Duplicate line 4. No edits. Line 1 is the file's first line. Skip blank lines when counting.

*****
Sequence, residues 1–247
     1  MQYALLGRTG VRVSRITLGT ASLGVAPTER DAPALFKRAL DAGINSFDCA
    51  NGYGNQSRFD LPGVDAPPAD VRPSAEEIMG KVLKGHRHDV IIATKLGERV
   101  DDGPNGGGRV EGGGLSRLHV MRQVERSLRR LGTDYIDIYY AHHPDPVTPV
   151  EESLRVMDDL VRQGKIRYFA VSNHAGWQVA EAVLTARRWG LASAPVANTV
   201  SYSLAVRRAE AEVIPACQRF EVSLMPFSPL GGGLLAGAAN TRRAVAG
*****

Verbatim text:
   101  DDGPNGGGRV EGGGLSRLHV MRQVERSLRR LGTDYIDIYY AHHPDPVTPV